It’s one of the great quandaries, don’t you think, that despite the relentless march of technology, books are still the source of the most useful information?
Sure, you may choose to read a book on your phone, or laptop, via something like Kindle. But it’s still a book. Simply transferred to a different medium.
Words hold an infinite power to educate, guide, inspire, celebrate, and reassure.
In book form, you’re insulated from distraction. No annoying pop-up adverts, no ability to simply hit the back button. The author has your attention, and you concentrate on what they have to say.
There are, of course, countless business books that’ll help you in your entrepreneurial journey.
Sometimes, though, it’s good to let loose with your thoughts and delve into wider, more abstract, elements that could help too.
By doing so, you’ll be refreshing your mind, allowing it to run free, however briefly, from the day-to-day business necessities that tend to occupy it.
That freedom allows you to explore new ideas, avenues and possibilities, prompted by the thoughts of the authors.
Instead of focusing just on one thing, these authors all encourage your mind to wander. To embrace the new, even if it’s just a slightly different take on something you’ve already decided to do.
Taking a few hours out every week (every day would be even better) leads to a more complete view of your business and the wider sphere of activity it exists in.
Here are a few favourite authors, and some of their titles. (Links are to their own websites; whether you choose to buy from Amazon or somewhere else is your choice.)
Malcolm Gladwell: David & Goliath: Underdogs, Misfits and the Art of Battling Giants
“…innovators need to be disagreeable. By disagreeable, I don’t mean obnoxious or unpleasant. I mean that on that fifth dimension of the Big Five personality inventory, “agreeableness,” they tend to be on the far end of the continuum. They are people willing to take social risks—to do things that others might disapprove of.”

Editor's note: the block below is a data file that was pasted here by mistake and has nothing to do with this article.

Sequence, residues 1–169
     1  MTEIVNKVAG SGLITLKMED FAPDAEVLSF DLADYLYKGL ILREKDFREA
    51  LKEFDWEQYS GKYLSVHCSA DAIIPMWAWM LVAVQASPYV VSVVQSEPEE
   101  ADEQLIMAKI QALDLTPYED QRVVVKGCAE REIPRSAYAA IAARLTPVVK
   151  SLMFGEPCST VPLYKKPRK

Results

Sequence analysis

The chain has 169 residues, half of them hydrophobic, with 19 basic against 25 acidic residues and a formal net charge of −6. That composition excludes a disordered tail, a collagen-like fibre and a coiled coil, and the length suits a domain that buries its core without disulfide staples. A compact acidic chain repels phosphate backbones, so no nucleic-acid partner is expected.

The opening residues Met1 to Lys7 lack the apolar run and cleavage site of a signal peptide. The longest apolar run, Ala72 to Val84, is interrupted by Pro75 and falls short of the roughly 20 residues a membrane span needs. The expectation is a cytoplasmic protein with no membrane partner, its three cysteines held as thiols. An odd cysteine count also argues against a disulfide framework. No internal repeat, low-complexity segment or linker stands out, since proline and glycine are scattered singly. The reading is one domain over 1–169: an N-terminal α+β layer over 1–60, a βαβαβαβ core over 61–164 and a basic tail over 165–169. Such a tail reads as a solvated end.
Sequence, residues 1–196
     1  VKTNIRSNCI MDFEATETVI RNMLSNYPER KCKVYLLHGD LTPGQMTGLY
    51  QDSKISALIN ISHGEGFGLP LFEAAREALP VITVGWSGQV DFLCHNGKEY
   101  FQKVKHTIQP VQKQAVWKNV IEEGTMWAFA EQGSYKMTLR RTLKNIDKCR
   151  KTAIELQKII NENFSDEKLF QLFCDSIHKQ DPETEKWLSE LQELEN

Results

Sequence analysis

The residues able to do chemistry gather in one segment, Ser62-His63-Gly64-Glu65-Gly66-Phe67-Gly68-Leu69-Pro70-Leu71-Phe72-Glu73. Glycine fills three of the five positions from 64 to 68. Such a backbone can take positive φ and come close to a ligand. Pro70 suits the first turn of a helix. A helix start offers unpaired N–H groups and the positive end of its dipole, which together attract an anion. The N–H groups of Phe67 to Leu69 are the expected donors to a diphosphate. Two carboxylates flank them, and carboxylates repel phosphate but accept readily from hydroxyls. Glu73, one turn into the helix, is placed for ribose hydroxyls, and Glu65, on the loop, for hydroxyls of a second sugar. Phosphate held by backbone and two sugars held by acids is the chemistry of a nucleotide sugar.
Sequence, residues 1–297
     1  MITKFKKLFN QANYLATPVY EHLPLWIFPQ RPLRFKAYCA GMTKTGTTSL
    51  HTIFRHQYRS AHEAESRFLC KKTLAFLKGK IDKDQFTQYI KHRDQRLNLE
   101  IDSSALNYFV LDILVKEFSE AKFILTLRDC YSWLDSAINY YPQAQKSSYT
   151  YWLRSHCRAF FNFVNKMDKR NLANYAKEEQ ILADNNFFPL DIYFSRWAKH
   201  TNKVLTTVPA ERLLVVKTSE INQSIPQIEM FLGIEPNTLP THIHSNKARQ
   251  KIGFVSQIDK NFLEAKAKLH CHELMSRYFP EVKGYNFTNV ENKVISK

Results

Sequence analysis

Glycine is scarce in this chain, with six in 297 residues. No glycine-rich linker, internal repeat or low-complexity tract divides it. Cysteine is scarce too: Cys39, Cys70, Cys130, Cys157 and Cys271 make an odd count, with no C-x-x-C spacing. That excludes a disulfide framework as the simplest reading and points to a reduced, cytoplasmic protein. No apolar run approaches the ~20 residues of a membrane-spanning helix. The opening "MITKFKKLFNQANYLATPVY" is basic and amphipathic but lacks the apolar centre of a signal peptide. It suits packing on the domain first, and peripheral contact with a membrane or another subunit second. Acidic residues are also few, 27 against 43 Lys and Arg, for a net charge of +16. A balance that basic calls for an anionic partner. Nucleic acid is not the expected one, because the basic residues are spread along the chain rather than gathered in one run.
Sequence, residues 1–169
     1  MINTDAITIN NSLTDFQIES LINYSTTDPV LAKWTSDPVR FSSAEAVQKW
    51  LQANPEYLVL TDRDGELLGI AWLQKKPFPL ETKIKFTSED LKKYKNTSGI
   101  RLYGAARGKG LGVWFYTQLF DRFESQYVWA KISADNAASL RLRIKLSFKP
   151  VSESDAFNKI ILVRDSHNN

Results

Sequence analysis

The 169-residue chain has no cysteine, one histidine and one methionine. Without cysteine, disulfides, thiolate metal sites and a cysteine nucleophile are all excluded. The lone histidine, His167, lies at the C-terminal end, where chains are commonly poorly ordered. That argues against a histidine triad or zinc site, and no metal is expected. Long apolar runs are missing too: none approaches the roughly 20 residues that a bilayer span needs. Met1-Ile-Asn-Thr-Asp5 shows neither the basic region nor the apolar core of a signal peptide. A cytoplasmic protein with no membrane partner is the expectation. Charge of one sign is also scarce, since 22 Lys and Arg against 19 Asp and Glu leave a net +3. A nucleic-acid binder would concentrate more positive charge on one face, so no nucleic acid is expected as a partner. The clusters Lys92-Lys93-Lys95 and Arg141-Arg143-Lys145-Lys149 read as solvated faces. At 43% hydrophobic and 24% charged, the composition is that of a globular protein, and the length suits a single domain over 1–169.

Dave Trott: Predatory Thinking
“Lessons that you work out for yourself are much more powerful than rules you memorize parrot-fashion. They stay with you. That’s why this book is a series of stories instead of a list of rules. Stories that have influenced me, and that I’ve learned predatory thinking from. Examples in as many different areas as possible. That way, you’ll learn the principles and apply them for yourself, in ways I might never even have thought of. And that is the whole point of predatory thinking.”
Jonah Berger: Contagious: How to Build Word of Mouth in the Digital Age
“Word of mouth is the primary factor behind 20 percent to 50 percent of all purchasing decisions. It is between 8.5 and 30 times more effective than traditional media.But want to know the best thing about word-of-mouth? It’s available to everyone.Whether you’re a Fortune 500 company trying to increase sales, a corner restaurant trying to raise awareness, a non-profit trying to fight obesity, or a newbie politician running for city council, word-of-mouth can help you succeed. And you don’t have to have millions of dollars to spend on an advertising budget. You just have to get people to talk.”
John Hegarty: On Creativity: There Are No Rules
“Every day we have ideas. They are the most profound of products that we as humans generate. Big ones, silly ones, funny ones – the irreverent to the groundbreaking. Ideas are the driving force of human progress. From the discovery of the wheel to the internal combustion engine, for better or worse ideas are mankind’s contribution to our planet’s development. Some are good and sadly some are bad. Like peanut butter. Disgusting stuff.”
Bernadette Jiwa: Meaningful: the Story of Ideas that Fly
“We don’t change the world by starting with our brilliant ideas, our dreams; we change the world by helping others to live their dreams. The story of ideas that fly is the story of the people who embrace them, love them, adopt them, care about them and share them. Successful ideas are the ones that become meaningful to others—helping them to see what’s possible for them.”
Remember, you don’t have to agree with everything these authors say. But you’ll find, at the very least, they’ll keep you on your toes. Considering alternatives, questioning paths you’ve already embarked upon, and continually evolving your own unique strategies.